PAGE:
Austin, Texas (Oct. 6, 2004) Applying the latest genomic and proteomic techniques has given researchers new clues for the interaction between exercise and diet, glucose metabolism and improvement in cardiovascular disease (CVD) risk factors.
With obesity and the metabolic syndrome being increasingly recognized as emerging major public health problems, "biomarkers for the progression of NIDDM (non-insulin dependent diabetes mellitus, or type-2 diabetes) are sorely needed, as are quantitative endpoints for exercise and diet interventions," according to Dustin S. Hittel of the Research Center for Genetic Medicine at Children's National Medical Center (CNMC), Washington, D.C.
Hittel said the results of a recent study "indicate the widespread and differential expression of metabolic, contractile and signal transduction proteins with training. We believe that comparative mRNA and proteomic profiling has provided us with a unique insight into the underlying metabolic crisis in chronically untrained muscle and clues as to how exercise reverses these effects."
Editors note: Hittel is speaking at the American Physiological Society's 2004 Intersociety Meeting, "The Integrative Biology of Exercise," Oct. 6-9 in Austin. Information about the meeting can be found at (http://www.the-aps.org/meetings/aps/austin/). A detailed program, including abstracts, for the entire meeting is available upon request to members of the media.
Arrangements for on-site interviews, or telephone interviews during the meeting can be arranged through APS from Mayer Resnick (cell: 301-332-4402, firstname.lastname@example.org) or Stacy Brooks 301-634-7253 (email@example.com). From Oct. 6 (2 p.m.) Oct. 9, the onsite phone number in Austin is 512-482-8000, room 602, or 512-682-2950 direct.
STRRIDE study hints at skeletal muscle role in CVD risk improvement
Using subjects from the Studies of Targeted Risk Reduction Interventions through Defined Exercise (STRRIDE), Hittel and others "described the molecular basis for the improvement in several CVD risk factors associated with the metabolic syndrome and the importance of skeletal muscle in governing these changes."
The researchers also included William E. Kraus (Center for Living Lab, Duke University Medical Center), Joseph A. Houmard (Human Performance Laboratory and Diabetes/Obesity Center, East Carolina University) and Eric P. Hoffman (also of CNMC).
In the genomics area, according to Hittel, "we found coordinated up-regulation of key metabolic enzymes with aerobic training in metabolic syndrome aspartate aminotransferase 1, lactate dehydrogenase B and pyruvate dehydrogenase alpha 1 subunit. All were also quickly down-regulated by detraining, although the induction wasn't an acute response to activity." Protein and enzymatic assays were used to validate mRNA induction with aerobic training and loss with de-training (96 hours to two weeks) in 10 male and 10 female STRRIDE subjects.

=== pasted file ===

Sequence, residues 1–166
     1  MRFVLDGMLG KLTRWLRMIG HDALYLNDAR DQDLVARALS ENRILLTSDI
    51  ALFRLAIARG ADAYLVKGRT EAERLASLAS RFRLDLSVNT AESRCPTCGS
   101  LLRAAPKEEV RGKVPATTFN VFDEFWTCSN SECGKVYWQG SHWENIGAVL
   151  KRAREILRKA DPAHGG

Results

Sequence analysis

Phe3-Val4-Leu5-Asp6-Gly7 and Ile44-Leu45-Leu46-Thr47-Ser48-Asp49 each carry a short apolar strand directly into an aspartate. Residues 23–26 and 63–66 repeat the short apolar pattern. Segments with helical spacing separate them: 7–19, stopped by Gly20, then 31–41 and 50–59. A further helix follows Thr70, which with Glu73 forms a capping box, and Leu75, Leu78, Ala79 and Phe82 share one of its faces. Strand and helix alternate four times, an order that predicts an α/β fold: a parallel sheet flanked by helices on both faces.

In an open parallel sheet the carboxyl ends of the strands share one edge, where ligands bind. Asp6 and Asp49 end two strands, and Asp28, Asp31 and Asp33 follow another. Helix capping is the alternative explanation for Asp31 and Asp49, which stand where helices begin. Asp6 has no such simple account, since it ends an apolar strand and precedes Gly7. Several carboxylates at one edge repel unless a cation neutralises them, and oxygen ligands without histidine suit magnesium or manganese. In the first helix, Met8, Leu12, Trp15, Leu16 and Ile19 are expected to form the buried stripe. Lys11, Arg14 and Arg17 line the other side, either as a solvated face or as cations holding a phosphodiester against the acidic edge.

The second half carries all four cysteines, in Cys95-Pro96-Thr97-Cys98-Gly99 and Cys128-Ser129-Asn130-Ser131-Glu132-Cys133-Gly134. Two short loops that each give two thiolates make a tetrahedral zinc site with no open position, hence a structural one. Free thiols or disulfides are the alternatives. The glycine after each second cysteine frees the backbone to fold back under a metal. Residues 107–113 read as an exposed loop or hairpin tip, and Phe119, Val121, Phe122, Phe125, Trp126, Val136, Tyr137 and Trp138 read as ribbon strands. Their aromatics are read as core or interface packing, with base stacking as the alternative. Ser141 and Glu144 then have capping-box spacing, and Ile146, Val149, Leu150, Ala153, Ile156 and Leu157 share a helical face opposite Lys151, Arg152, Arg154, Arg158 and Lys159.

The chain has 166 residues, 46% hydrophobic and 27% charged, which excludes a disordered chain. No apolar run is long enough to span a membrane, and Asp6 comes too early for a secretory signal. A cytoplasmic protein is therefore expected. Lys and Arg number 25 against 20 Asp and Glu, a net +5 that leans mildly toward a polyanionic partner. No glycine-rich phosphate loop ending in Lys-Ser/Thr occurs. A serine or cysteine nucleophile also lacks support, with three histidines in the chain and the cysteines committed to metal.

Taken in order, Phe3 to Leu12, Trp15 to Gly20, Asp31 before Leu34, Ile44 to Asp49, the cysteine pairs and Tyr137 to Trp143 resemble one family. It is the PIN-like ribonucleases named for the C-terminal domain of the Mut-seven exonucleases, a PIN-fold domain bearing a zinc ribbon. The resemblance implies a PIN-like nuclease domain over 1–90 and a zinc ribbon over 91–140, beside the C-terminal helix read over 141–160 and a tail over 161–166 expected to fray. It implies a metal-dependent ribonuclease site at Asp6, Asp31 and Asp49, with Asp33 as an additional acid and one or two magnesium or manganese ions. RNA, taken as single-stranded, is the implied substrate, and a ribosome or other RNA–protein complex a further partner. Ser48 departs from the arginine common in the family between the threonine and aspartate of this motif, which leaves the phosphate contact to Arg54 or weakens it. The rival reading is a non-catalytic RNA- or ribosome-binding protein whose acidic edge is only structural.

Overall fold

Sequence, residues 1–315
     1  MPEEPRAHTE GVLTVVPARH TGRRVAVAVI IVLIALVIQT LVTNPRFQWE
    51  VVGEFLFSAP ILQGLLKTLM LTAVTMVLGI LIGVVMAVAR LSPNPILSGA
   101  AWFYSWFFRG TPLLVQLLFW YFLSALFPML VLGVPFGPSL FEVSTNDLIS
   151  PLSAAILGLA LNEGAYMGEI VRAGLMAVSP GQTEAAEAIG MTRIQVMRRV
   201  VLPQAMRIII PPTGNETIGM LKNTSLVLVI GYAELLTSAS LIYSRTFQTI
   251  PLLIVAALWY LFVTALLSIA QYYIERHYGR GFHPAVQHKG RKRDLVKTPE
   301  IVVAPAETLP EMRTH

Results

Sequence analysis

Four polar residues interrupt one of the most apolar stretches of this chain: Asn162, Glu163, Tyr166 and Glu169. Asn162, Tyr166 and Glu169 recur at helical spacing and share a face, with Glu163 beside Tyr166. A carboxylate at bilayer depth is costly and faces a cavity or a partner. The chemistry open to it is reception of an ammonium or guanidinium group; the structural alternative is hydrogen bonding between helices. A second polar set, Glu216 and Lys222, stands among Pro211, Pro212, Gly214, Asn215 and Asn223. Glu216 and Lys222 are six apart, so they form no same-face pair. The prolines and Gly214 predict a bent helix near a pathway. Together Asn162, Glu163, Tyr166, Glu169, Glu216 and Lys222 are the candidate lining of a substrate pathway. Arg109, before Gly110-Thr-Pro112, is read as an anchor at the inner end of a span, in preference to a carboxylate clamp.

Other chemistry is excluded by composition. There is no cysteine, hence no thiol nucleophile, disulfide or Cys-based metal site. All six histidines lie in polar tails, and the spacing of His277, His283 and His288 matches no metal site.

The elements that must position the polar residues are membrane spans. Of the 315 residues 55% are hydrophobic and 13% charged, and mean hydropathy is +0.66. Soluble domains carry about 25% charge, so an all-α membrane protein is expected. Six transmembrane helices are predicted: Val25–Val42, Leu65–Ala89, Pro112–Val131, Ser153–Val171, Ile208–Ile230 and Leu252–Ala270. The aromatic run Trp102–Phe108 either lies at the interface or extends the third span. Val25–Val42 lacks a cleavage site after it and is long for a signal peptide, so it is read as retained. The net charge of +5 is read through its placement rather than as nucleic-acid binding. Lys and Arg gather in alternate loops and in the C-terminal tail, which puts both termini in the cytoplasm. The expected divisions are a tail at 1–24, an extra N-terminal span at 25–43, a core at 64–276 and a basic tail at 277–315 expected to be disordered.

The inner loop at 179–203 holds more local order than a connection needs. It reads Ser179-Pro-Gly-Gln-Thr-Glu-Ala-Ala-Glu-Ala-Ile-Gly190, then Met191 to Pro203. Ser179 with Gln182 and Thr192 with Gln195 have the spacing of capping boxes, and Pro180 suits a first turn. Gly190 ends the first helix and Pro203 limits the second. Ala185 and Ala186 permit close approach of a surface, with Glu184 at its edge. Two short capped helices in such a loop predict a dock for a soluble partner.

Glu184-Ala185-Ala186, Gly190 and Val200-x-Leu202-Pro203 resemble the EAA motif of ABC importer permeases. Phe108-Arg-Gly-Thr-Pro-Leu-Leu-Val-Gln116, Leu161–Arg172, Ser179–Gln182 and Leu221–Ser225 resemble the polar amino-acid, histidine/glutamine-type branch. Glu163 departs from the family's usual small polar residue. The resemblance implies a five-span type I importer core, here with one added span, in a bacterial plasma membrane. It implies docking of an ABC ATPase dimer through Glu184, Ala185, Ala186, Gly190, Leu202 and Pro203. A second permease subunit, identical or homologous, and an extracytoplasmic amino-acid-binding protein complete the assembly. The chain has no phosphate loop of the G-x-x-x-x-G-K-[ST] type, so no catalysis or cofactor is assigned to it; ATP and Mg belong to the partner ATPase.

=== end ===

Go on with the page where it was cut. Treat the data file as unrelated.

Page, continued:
"We propose that training coordinately increases the levels of aspartate aminotransferase 1, lactate dehydrogenase B and pyruvate dehydrogenase alpha 1 subunit, increasing glucose metabolism in muscle by liberating pyruvate for oxidative metabolism and therefore limiting lactate efflux," Hittel said. These biochemical adaptations complement existing molecular models for improved glucose tolerance with exercise intervention in pre-diabetic individuals, he noted.
On the proteomics side, the researchers analyzed gene expression and protein profiles from muscle of lean and obese and morbidly obese individuals. "This combination of genomic and proteomic techniques may help determine the effects of aerobic exercise and weight gain on muscle gene and protein expression patterns," Hittel said.
They found that adenylate kinase 1 (AK1), an important enzyme in regulation of cellular energy metabolism, particularly skeletal muscle, was highly expressed in obese and morbidly obese women relative to lean control subjects. Total muscle AK1 activity also increased 1.9-fold in obese and 2-fold in morbidly obese women. "Surprisingly," Hittel noted, "total activity of creatine kinase (CK), which also regulates energy metabolism in skeletal muscle, increased (a significant) 30% in obese women but not in morbidly obese women.
"We propose that the increased activities of AK1, CK reflect a compensatory change in energy metabolism to counter a progressive decrease in mitochondrial function in skeletal muscle of increasingly obese women. We feel that this discovery provides new insights into the primary deficits in muscle metabolisms which underlie the progression of obesity-related diseases," Hittel said.
In conclusion Hittel said, "we propose that changes in glucose metabolism which occur in aerobic exercise trained skeletal muscle are also responsible for the cardiovascular benefits of habitual exercise in individuals with impaired glucose tolerance."
Source: Eurekalert & othersLast reviewed: By John M. Grohol, Psy.D. on 21 Feb 2009
Published on PsychCentral.com. All rights reserved.
It is hard to fail, but it is worse never to have tried to succeed. In this life we get nothing save by effort.
~ Theodore Roosevelt